After the mega success ofDhoom 3, Yashraj hangs around on the action thriller circuit with Gunday. However, it is one thing to have Dhoom 3’s adventure saga turn into a Box Office earthquake and quite another to have the follow up offering Gundayachieve meaningful resonance. Thrills? Check. Adventure? Check. Romance? Check. Originality? Not so much in that as fun as Gunday is in parts, the lasting impression is that there is little here that was not already seen on Sholay or Butch Cassidy and the Sundance Kid.
An epic trajectory is appropriately ignited when two orphaned refugee teenage boys, victimized by the cross-border atrocities of the India-Pakistan war of 1971, find themselves in the slums of what was then Calcutta. Hardened by brutalities of war and incessant penury, the boys grow up to become Bikram (Singh) and Bala (Kapoor) and, against overwhelming odds, rise to stake a claim on the web of the local coal-running mob. For Bikram and Bala, the strangest turn is not their violently sordid climb up the criminal food chain but the fact that both of them are smitten by the come-hither cabaret dancer Nandita (Chopra) all the while both of them are being chased by shrewd anti-mafia cop Inspector Satya (Khan).
When the going is good, director Zafar (Mere Brother Ki Dulhan) and action-choreographer Sham Kaushal (Dhoom 3, Krrish 3, Ram Leela) stage some truly terrific action sequences many of which prominently feature trains as the mode of transport used in shipping the afore-mentioned coal. The non-action narrative that should effortlessly coalesce around the edge-of-the-seat thrills, however, lacks urgency in solidifying what should be a well-rounded story.
Ceasar-Bosco’s dance numbers are also ferociously energetic and effortlessly draw on Chopra’s dance skills. Nandita’s cabaret numbers, modeled after the Moulin Rouge motif, are polished and here in line with Yashraj’s rep for opulence in musical delivery.
Sohail Sen’s soundtrack has got it going on, especially with the lovers lament “Saiyaan,” piped by Shahid Mallya. Once again, however, what is happening in the foreground does not jive with what is happening in the background.
What is happening in the background is this. There is too much here that is indeed reminiscent of Ramesh Sippy’s Sholay (1975). A bromance between two men who are inseparable, sometimes use a coin toss to arrive at decisions, have many fights on moving trains, value their friendship above all else, share the same bed, urinate together and, perhaps other than the ambiguously heterosexual posturing of falling for the same woman, repeatedly remind one of Bachchan and Dharmendra from Sholay. This subtle homoeroticism alone is no reason to complain. In the story overall, however, it is distracting.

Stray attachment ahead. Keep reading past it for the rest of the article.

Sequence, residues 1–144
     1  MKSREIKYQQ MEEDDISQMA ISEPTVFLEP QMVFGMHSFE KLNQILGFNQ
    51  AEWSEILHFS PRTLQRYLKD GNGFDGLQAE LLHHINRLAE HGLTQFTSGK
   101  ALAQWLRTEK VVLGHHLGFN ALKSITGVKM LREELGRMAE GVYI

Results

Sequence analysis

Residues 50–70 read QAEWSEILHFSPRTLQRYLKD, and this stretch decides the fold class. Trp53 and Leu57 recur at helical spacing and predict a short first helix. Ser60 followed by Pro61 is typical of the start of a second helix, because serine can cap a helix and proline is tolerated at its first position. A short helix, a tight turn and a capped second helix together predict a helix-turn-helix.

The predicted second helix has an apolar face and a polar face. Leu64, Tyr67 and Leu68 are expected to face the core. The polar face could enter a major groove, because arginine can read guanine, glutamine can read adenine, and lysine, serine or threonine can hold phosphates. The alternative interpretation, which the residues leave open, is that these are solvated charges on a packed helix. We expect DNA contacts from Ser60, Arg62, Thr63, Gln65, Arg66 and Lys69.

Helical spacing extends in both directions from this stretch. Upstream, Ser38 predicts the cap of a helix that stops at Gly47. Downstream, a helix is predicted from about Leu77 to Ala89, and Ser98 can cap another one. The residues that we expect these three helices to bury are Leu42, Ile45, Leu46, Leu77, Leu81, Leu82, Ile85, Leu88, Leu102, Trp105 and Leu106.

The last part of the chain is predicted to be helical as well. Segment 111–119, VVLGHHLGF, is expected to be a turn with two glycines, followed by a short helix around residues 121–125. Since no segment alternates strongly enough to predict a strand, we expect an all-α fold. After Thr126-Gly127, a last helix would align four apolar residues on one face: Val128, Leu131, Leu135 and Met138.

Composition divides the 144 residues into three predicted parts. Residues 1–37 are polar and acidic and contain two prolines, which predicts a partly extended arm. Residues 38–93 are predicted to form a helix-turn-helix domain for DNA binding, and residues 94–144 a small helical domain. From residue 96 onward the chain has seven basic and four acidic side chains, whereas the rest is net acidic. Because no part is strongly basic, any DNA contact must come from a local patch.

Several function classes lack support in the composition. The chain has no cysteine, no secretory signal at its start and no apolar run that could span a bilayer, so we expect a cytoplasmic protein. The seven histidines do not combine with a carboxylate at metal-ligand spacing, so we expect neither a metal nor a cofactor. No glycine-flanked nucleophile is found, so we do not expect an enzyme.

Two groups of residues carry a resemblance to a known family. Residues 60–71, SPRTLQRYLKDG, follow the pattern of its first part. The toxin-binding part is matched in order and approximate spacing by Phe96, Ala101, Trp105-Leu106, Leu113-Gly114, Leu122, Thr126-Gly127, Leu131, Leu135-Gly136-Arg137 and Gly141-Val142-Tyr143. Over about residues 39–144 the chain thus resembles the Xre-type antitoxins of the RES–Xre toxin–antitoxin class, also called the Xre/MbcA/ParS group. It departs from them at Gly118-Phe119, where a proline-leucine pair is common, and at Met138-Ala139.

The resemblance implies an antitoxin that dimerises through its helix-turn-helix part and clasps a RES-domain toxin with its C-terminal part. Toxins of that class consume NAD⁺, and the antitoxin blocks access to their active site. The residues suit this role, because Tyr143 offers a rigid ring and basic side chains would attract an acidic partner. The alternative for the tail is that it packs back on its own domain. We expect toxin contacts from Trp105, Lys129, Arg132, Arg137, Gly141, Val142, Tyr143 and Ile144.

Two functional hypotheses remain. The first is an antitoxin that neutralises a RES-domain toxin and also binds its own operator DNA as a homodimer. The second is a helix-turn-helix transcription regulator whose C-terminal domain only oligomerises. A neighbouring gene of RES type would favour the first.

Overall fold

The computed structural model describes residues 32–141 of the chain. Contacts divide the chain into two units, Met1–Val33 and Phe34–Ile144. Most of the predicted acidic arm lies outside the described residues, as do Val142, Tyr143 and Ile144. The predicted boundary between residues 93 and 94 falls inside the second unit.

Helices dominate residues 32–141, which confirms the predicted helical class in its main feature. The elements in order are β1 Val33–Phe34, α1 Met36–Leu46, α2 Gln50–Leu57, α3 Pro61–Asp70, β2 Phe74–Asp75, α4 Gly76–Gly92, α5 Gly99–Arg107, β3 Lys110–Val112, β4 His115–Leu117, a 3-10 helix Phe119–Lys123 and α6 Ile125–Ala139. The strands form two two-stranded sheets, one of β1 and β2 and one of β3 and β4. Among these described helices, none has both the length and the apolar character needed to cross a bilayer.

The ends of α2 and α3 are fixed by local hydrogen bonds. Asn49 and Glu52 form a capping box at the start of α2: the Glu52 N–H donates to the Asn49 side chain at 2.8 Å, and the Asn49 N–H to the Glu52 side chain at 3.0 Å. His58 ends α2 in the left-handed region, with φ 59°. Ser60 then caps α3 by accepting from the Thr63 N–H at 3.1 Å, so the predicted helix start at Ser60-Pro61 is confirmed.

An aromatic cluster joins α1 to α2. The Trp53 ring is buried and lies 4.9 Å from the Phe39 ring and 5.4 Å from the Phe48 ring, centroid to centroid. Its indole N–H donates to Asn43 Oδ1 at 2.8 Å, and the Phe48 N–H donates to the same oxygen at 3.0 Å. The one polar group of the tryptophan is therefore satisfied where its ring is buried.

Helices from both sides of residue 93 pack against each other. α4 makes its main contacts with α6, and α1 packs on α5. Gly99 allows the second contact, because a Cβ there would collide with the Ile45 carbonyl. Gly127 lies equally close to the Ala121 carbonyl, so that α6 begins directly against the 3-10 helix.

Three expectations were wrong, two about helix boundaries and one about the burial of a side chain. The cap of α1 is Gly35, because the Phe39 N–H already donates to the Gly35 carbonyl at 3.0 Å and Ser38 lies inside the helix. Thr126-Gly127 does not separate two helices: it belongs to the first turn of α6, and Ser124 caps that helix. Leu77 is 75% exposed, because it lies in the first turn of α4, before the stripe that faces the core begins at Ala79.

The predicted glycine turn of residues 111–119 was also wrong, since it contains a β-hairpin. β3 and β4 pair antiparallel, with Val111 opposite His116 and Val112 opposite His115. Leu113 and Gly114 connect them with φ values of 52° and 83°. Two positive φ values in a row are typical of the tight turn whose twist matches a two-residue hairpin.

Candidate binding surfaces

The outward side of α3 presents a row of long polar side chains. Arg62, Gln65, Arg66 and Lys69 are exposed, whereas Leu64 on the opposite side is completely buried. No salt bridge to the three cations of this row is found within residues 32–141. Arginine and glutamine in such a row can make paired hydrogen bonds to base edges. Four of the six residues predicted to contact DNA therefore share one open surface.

Singh is coming back after the rocking success of Ram Leela while Kapoor delivered the hit Ishaqzaade. Their Bikram and Bala are carefree mafia kingpins unafraid to get into bare-knuckle brawls with everyone from mean bosses to competing mafia dons.
As counterweight to their aloofness, there is Khan’s Inspector Satya who is a portrait of a Machiavellian company man that can often outguess his enemy. In the rush to exploit the jealousies that set in when Bikram and Bala get closer to Nandita, while Chopra gets her dues as the object of desire, the script misses out on getting more use out of the underutilized Khan.
Relative newcomers Singh and Kapoor as well as director Zafar (Mere Brother Ki Dulhan) are Yashraj faves. Because Yashraj provided both Singh and Kapoor their respective career starts, what the studio gets is return is relatively modestly priced talent compared to, say, Hrithik Roshan or Ajay Devgan. That, combined with expected future DVD sales and lucrative international satellite broadcasting rights, even a better than average Box Office of a movie likeGunday can end up as a money making proposition for the studio. Just as the studio has been marketing Parineeti Chopra in smartly-made smaller movies, we can likely expect Singh and Kapoor in more Yashraj offerings.
Globe trekker, aesthete, photographer, ski bum, film buff, and commentator, Aniruddh Chawda writes from Milwaukee.